In 2022 we will organize a lecture series surrounding the theme: ‘With kind regards: convention, standards and breaking the rules in letter-writing’.
Whenever one writes a letter, one engages with different kinds of conventions: social conventions dictating the interaction between sender and addressee, like forms of address, appropriate contents, and suitable levels of formality; but also, conventions related to the medium and genre of the text, such as lay-out and formulae that are specific to the letter-genre. In practice, however, we find a lot of variation in the language use, and use of conventions in letters. Such variation can have numerous causes. The author’s education can play a role, the formality of the letter, the relationship between the sender and the addressee and the sender’s communicative goals.
In this lecture series we want to focus on variation in language use, and the use of conventions in letters from different regions and periods. What are the conventions in a specific cultural and linguistic area ? Do the senders of letters abide by them, or do they break them, and for what purpose? In other words: how do authors use conventions in language use and materiality to convey their message?
Lectures will take place on Tuesdays from 17.00 till 19.00, starting in March in the Library building.
First lecture coming up:
1 November (Vossius, ULL)
Arietta Papaconstantinou (University of Oxford/ University of Reading): ‘Not very kind regards: Qurra b. Sharīk’s letters to Basileios and the limits of politeness’
In the study of epistolography the weight has overwhelmingly been put on the conventions and forms of address that aim to keep the exchanges civil and useful. This is the case in peer-to-peer letter exchanges, and even more in letters of request made either to superiors, or at least to individuals wielding some sort of power over the sender – be it the simple power to grant a request. An entire category of letters exists, however, that is unapologetically top-down and makes no concessions to norms of politeness and civility, making a show of raw power instead. Such letters are commonly associated with state institutions, and they tend to use the rhetoric of blame and manipulate emotions such as fear and pride, all the while brandishing such concepts as duty and obligation. The latter are so prominent in Qurra’s letters that they are often called ‘decrees’ by scholars. Yet in all sorts of ways they follow the conventions of the letter, in a tradition of power-writing that arose well before Islam.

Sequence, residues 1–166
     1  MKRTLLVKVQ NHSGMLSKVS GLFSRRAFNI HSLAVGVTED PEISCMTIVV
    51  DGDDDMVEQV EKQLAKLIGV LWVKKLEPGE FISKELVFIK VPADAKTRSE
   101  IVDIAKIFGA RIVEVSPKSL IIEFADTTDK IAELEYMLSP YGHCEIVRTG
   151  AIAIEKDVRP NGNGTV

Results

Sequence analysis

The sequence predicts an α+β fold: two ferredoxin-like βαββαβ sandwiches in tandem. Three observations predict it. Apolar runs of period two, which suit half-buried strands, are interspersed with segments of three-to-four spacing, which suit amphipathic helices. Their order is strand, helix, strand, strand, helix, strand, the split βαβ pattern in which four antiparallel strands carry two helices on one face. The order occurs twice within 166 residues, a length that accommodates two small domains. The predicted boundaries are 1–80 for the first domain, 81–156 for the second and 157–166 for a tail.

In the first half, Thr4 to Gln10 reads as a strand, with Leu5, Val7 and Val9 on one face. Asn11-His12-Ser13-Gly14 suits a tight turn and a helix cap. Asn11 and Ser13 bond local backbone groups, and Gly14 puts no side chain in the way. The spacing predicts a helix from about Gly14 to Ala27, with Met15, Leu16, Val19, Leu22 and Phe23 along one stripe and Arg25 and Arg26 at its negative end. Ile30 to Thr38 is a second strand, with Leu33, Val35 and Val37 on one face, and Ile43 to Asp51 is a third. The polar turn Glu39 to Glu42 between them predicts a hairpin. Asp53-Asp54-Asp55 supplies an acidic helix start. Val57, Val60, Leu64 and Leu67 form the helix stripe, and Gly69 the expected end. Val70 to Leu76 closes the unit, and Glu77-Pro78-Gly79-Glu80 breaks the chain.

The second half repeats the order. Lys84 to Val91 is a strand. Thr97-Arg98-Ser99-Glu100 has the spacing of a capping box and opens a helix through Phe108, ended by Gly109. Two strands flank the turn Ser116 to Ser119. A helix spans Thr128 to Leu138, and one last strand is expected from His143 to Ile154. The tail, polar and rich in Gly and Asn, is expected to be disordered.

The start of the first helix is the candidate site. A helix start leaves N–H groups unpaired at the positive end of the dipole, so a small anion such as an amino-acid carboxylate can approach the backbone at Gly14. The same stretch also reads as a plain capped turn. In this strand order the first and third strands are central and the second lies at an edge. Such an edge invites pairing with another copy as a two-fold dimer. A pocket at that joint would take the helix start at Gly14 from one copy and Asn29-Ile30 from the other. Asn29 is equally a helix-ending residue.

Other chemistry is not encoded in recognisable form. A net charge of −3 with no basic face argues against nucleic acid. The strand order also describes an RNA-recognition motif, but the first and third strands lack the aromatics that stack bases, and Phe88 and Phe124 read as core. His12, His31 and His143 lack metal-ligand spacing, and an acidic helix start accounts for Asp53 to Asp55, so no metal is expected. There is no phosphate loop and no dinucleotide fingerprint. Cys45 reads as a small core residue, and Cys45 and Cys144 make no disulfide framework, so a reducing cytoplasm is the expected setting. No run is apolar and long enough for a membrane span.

Gijsbert Rutten (Leiden University): ‘Formulaic language in Early Modern Dutch letters’
In this talk, I will focus on the function and use of formulaic phrases in Dutch letters from the seventeenth and eighteenth centuries. Both private letters and business letters comprised extensive sequences that were repeated over and over again. In the first part of the talk, I will argue that there are clear distributional patterns underpinning the use of formulaic language in private letters, which can be explained with reference to the specific sociohistorical context. In the second part, I will introduce a recent case study where we shift attention to business letters, also comparing them to private letters. I will show that the set of formulaic phrases used in business letters is both similar to and different from the range of formulae used in private letters. One difference is the frequency of Romance-origin lexical items, and I will argue that the international register of business correspondence offered a channel through which French-origin items in particular entered the Dutch language.